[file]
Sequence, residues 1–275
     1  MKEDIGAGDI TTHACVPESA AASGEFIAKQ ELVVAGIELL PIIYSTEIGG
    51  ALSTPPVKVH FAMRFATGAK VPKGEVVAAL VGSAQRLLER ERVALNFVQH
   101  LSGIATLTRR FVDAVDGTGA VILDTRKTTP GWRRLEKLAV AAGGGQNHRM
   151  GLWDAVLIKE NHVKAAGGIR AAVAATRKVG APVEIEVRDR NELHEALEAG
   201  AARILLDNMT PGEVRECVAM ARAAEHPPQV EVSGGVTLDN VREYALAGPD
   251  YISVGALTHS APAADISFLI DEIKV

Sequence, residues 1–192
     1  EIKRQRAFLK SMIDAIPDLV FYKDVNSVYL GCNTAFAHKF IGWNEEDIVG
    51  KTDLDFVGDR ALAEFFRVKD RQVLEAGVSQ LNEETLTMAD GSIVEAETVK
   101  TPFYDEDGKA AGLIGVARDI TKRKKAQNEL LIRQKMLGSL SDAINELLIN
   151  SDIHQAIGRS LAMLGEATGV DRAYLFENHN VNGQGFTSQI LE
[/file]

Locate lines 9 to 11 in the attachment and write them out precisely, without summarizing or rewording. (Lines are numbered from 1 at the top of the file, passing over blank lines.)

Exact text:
     1  EIKRQRAFLK SMIDAIPDLV FYKDVNSVYL GCNTAFAHKF IGWNEEDIVG
    51  KTDLDFVGDR ALAEFFRVKD RQVLEAGVSQ LNEETLTMAD GSIVEAETVK
   101  TPFYDEDGKA AGLIGVARDI TKRKKAQNEL LIRQKMLGSL SDAINELLIN